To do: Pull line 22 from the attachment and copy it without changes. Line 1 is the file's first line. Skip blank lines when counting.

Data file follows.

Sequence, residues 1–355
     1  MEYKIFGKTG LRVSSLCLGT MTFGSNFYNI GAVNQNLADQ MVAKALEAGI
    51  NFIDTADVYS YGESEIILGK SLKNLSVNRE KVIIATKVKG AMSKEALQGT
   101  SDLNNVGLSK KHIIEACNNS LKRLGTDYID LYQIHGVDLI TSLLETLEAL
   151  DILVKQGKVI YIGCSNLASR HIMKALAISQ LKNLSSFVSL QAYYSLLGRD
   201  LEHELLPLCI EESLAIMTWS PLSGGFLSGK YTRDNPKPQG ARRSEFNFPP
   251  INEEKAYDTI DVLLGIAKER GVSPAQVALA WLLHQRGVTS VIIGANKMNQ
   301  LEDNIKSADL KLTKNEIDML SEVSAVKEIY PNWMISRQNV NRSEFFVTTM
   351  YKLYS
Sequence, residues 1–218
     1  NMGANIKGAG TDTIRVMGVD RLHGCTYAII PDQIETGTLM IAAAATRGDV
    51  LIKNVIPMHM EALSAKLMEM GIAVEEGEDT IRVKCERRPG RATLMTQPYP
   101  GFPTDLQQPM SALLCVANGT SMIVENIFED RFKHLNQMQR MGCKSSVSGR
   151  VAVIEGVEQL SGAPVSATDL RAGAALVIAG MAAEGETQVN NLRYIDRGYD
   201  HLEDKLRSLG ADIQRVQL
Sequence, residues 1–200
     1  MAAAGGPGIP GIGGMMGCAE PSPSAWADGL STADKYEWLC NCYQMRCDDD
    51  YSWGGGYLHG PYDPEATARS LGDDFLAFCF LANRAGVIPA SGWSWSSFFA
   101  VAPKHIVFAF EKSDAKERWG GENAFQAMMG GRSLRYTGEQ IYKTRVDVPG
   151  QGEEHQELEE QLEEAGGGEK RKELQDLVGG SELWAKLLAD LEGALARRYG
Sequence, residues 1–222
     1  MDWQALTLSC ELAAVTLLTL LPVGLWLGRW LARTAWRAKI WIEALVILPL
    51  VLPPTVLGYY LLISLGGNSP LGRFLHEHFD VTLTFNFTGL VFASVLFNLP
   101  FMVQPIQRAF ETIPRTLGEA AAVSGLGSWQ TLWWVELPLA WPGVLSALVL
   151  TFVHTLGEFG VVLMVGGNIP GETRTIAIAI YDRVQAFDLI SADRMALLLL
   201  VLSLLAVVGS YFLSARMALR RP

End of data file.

     1  MDWQALTLSC ELAAVTLLTL LPVGLWLGRW LARTAWRAKI WIEALVILPL